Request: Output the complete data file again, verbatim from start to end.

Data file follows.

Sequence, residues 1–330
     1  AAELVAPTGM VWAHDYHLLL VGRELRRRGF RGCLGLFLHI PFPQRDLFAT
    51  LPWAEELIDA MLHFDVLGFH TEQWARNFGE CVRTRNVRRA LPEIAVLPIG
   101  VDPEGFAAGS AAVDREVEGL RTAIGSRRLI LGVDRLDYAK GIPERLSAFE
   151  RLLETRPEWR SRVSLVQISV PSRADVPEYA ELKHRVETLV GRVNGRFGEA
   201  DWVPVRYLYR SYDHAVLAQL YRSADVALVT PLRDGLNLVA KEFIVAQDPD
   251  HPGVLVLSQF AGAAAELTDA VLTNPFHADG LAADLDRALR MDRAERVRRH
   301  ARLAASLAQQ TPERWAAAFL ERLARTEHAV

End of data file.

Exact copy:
Sequence, residues 1–330
     1  AAELVAPTGM VWAHDYHLLL VGRELRRRGF RGCLGLFLHI PFPQRDLFAT
    51  LPWAEELIDA MLHFDVLGFH TEQWARNFGE CVRTRNVRRA LPEIAVLPIG
   101  VDPEGFAAGS AAVDREVEGL RTAIGSRRLI LGVDRLDYAK GIPERLSAFE
   151  RLLETRPEWR SRVSLVQISV PSRADVPEYA ELKHRVETLV GRVNGRFGEA
   201  DWVPVRYLYR SYDHAVLAQL YRSADVALVT PLRDGLNLVA KEFIVAQDPD
   251  HPGVLVLSQF AGAAAELTDA VLTNPFHADG LAADLDRALR MDRAERVRRH
   301  ARLAASLAQQ TPERWAAAFL ERLARTEHAV